RV camping and campfires go hand in hand. There's just something about the crackling sounds, and savory smells of a campfire that bring back all kinds of pleasant memories. NPS campgrounds are well set up for campfires with firewood available at nearly every campground. It's a good idea to take a hatchet to split the firewood you purchase. Trying to start a fire with the big pieces of wood you get is pretty tough without half a bottle of charcoal lighter.
Many NPS campgrounds have an evening outdoor campfire program in the campground area. This presentation is put on by National Park Service Rangers starting around dusk. Programs vary from Astronomy to Zoology. Programs change from night to night, and they are especially fun for kids. Don't forget to take your flashlight as it's going to be dark at the conclusion of the presentation. We highly recommend attending these educational, entertaining programs. RV camping in our National Parks can be a great experience. You will find that these campgrounds are always full during peak travel season. You may have the unfortunate experience of noisy neighbors, but that is a risk with any public or private campground. The roads in these campgrounds are asphalt so dust is not an issue. You will see lots of families with children riding bikes and playing in the campground. These campgrounds don't supply much in the way of peace and quiet, but the outdoor experience and scenic beauty make these campgrounds the chosen destination of thousands of RV camping travelers.
USFS (US Forest Service) - Describes USFS policies and rules about RV camping. Information about dispersed camping, and tips on how to find great free RV camping sites.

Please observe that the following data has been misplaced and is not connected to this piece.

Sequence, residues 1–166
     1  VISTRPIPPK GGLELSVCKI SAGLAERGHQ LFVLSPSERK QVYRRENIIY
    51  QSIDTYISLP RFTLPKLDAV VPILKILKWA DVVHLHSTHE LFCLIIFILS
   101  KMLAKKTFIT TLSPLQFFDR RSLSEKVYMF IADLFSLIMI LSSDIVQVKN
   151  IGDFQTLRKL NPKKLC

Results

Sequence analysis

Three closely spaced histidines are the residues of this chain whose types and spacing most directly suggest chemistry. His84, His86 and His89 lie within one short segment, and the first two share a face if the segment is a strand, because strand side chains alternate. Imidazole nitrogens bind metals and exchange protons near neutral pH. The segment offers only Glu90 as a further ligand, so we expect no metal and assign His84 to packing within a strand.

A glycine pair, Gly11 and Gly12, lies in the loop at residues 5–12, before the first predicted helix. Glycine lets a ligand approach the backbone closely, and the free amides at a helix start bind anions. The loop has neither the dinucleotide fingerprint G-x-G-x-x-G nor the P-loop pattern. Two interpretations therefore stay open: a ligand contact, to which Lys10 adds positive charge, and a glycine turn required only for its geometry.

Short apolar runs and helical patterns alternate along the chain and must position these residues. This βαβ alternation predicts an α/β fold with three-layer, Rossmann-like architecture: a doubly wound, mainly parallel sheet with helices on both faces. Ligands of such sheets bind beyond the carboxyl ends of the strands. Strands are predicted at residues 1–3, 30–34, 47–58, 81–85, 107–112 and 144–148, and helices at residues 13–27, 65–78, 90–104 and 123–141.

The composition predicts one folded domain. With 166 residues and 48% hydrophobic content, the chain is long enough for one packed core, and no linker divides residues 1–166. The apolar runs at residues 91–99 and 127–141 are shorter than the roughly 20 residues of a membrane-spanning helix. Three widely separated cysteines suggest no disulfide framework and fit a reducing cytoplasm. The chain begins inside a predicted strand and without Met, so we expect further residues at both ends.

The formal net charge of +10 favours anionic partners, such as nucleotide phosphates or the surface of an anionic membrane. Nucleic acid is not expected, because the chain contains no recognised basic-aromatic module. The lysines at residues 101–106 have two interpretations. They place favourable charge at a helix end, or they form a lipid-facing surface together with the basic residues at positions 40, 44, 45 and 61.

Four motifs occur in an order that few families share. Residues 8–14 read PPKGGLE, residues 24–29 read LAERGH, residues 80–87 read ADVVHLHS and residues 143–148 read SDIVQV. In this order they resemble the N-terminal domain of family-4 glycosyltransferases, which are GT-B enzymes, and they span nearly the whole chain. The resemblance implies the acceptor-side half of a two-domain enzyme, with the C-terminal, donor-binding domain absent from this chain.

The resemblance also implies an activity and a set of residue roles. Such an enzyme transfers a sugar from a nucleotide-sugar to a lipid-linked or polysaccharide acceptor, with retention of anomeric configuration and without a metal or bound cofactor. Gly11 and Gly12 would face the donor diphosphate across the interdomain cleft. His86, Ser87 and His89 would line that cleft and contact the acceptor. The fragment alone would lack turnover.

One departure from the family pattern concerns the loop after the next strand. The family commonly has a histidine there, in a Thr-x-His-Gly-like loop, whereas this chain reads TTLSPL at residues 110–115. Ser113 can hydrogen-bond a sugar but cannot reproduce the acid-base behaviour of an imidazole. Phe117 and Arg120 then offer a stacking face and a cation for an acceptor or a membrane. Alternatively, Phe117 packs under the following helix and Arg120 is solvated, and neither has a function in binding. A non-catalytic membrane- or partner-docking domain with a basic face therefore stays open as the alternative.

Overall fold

USACE/COE (US Army Corp of Engineers) - USACE (perhaps better know as COE) manages water recreation areas throughout the USA. Information about finding USACE lakes, RV camping possibilities, and rules and policies for use of these water based recreation areas is included.
BLM (Bureau of Land Management) - Located throughout the western USA, BLM managed lands offer great camping locations. Developed campgrounds, and almost unlimited dispersed camping opportunites await you.
Here's a list of places to consider when looking for a free overnight RV camping or parking location. We always recommend asking for overnight RV parking permission when looking for a free spot to spend the night. The smaller your RV, the better chances you will have finding places to stay if you choose not to ask permission. If you don't ask permission, you end up "sneaking" into places and hoping nobody bothers you or issues you a trespassing ticket before you move on.
Be smart and Be Safe...Ask Permission.
As you can see, there are a lot of free RV camping and parking possibilities. If you are not asking permission, it's best to keep a very low profile. If your RV has slide outs, jacks and TV antennas, don't use them so as not to draw attention to yourself. Consider your surroundings carefully and if you feel uncomfortable with the area, move somewhere else.